The Racing Post carried an interview with the legendary Lester Piggott over the weekend.
It was a terrific read and reminded us of Lester in his pomp. He was, of course, the outstanding jockey of his generation. We’ve recently spoken about AP McCoy as the flag-bearer for two decades in National Hunt racing but nowadays in Flat racing, who is the stand-out jockey?
The wider public have next to no rapport with the current crop of Flat jockeys. (Did the public in the 60s, 70s and 80s really take Lester to their hearts or did their ears only really prick up when he was sentenced to prison for tax evasion?)
The worriers point to Frankie Dettori as the most recognisable jockey in the sport – he appeared on Top of the Pops nearly 20 years ago. So what of now?
Well step forward Mr Ryan Moore. On Saturday at Newbury, Moore booted home just the FIVE winners.
He doesn’t do much media work, he seems to have a wariness about the press and he is unlikely ever to enter a Big Brother house.
Bookies hardly needed to over-egg the impact on their profits – punters were in rapture. Hold a photo on any city High Street of Ryan Moore and ask 100 random passers-by to name the sportsman.
Chances are you’ll be lucky if more than a handful recognise him. He doesn’t do much media work, he seems to have a wariness about the press and he is unlikely ever to enter a Big Brother house.
But Moore is the king of the current crop of jockeys – undoubtedly. His horsemanship is second to none and his key rivals – Richard Hughes, James Doyle, William Buick et al – will all acknowledge that Moore has the edge on the lot of them.
Critically, it’s not a mug-shot that brings home the bacon for punters; all they want is the best jockey on the best horses to ride the best of all. And on Saturday at Newbury under a beating sun and with roars crashing down from the grandstands as he brought home winner after winner, we were all reminded that Moore is currently king.
The Kentucky Derby, Preakness Stakes and the Belmont Stakes are the three races which constitute the Triple Crown, the holy grail of American thoroughbred racing but its been 37 years since Steve Cauthen secured this greatest of prizes aboard Affirmed.
Since ’78, a bewildering THIRTEEN horses have gone on to win the Preakness Stakes having taken the Kentucky Derby but have then failed at the third and final attempt at Belmont. More often than not, these horses have been returned at hideously short odds, as punters worldwide place their bets to be part of the dream.
On all 13 occasions, the bookies have escaped a hiding. And so on Saturday, as American Pharoah became the latest horse to turn the Preakness into a procession, the dream was rekindled yet again. American Pharoah is round about an even money chance to complete the feat, as hope springs eternal. The odds are for him, the history books are against him. But the dream will not fade until we know for certain.
Back here in the UK we have, of course, our very own Triple Crown with the 2000 Guineas, Derby and St Leger forming a less fashionable but no less prestigious campaign for 3 year old colts.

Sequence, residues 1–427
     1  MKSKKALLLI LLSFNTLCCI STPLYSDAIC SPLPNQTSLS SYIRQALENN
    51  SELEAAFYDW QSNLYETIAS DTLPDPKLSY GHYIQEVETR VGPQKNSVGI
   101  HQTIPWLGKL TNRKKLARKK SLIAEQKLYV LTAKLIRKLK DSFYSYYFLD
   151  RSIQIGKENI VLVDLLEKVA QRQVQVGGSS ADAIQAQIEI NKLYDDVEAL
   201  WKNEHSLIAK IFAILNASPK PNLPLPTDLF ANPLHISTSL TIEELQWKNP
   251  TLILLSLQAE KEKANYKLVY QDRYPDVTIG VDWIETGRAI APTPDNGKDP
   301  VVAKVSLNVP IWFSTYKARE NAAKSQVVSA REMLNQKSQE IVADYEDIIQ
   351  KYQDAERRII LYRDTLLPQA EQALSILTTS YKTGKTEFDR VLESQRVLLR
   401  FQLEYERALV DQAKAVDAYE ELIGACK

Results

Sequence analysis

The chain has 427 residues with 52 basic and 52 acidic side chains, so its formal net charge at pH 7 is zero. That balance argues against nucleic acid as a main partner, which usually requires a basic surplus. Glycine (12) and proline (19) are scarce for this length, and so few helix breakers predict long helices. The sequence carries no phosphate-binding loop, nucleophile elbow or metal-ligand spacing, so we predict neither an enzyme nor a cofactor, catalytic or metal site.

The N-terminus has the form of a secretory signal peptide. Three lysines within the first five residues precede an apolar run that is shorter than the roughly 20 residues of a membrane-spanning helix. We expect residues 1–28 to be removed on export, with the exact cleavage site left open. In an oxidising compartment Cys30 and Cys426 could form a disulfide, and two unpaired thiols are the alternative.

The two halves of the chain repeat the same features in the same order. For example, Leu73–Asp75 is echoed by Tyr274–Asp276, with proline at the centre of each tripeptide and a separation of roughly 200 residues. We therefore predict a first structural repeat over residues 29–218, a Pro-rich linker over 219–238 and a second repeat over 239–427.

Nijinsky was the last horse to win the Triple Crown for the legendary Vincent O’Brien and barely 3 years ago, the latest master of Ballydoyle, Aidan O’Brien sent out by Camelot on Town Moor at Doncaster to try to land his own piece of history. Any of us who were there that day in September 2012 will always remember it, but I doubt anyone will share my painful recollections.
As I sloped back home on the Saturday evening and the calls started coming in from my colleagues in Customer Services, I sensed there was a problem.
Did I lose a fortune backing the odds-on Camelot who could finish only second to the unheralded Encke? No I did not. Did I suffer an overwhelming anticlimax as it dawned on racegoers that another chance like this was unlikely to come round again for a generation, if at all? Not especially – although it was pretty deflating, I admit.
No, my own embarrassment came from a Morning Line interview I had done earlier in the day on Channel 4 when I had mistakenly suggested that anyone who backed Camelot to win would get their money back with Ladbrokes if the horse failed to win.
I’d neglected to list the small-print: money back as a free bet, loyalty cards required, specific Star signs only, all that kind of stuff. So as I sloped back home on the Saturday evening and the calls started coming in from my colleagues in Customer Services, I sensed there was a problem.
I fronted up as best I could and made my apologies to many punters and many colleagues. Sometimes there are no scape-goats in this game and you’ve got to take it on the chin and hold up your hands. I dropped a clanger. I’ve been more careful since then but I still shuffle a little uncomfortably when there’s talk of a Triple Crown, or a money-back special for that matter.
I’m going to avoid US racing for a while after last week’s no-show. I’m instead reverting back to the tried, tested and one-time successful formula of finding the winner of the weekend’s big betting race. Haydock’s Temple Stakes looks to be a hot-looking Group 2 with old rivals G Force and Sole Power locking horns yet again over the minimum distance. Preference is for Sole Power who seems to have been around forever but is still only an 8-year old and is believed to have started the season as well as ever. I’ve never been on the right side of the horse and had my fingers burned at Royal Ascot and York last term, but hope springs eternal and at 6/1 if the rain stays away he’s a huge play.